In addition to scaling the recipe down from a three pound head of cabbage, I took advantage of some homemade Hungarian sausages made by a neighbor's father in Budapest and smuggled back here about four or five years ago. Yes, the sausage is that old, but I've been using it as a flavoring agent in soups and stews and have lived to tell the tale. It replaces the sweet paprika called for in the sausage-less original recipe (find it here), but you could use smoked paprika instead.

My second tweak beyond the sausage was to add some barrel sauerkraut lurking in the back of my fridge. I used about a cup, rinsed, because that's all I had. If I had a quart, I would have used it all.

The most expensive part of the recipe is the meat, since it calls for one and a half pounds of short ribs; I used a little over a pound since I was dealing with a lesser quantity of cabbage.

Finished soup
Start by putting 12 cups of water in your stock or soup pot, then adding the beef before turning the heat to medium high. Once the water starts bubbling, cut back the heat to maintain a steady but minimal simmer. Do not add salt or any other seasoning at this point. When the meat is tender (which might take about an hour) remove it to a platter and let it cool. Make sure to skim the surface of the stock as it cooks to remove scum, and after removing the meat also skim off any fat globules you can find on the surface. (If you wind up boiling rather than simmering the broth, the fat will be emulsified into it, and that's yucky.)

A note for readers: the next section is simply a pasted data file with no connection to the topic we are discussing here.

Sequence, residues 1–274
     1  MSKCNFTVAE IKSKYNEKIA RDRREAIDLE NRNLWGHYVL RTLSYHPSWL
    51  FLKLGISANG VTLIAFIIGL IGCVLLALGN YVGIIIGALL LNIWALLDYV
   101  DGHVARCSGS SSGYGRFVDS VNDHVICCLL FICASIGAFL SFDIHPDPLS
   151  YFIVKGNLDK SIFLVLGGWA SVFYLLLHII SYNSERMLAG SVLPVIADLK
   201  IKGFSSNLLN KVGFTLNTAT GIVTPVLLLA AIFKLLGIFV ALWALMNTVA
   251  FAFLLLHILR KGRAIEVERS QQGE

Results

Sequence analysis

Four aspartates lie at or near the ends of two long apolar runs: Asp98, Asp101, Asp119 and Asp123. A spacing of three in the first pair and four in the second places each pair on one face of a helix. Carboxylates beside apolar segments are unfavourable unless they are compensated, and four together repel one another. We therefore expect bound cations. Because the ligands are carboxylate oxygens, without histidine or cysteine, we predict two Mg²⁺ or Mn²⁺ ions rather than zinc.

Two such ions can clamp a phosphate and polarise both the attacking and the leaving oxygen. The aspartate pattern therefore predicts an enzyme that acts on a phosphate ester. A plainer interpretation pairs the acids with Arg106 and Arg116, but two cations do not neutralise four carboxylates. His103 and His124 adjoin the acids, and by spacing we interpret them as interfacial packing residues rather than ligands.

While the meat simmered I attacked the cabbage. After discarding the outer leaves and coring the cabbage I cut it into roughly one-inch pieces. A medium onion got the same treatment. Although the recipe doesn't call for it I added half of an exceedingly large carrot (about one medium carrot) cut into slightly smaller than spoon-sized chunks.

Next, remove the meat from the bone and cut away any identifiable unrendered fat and gristle, then cut the meat into small bits, half-inch at the most.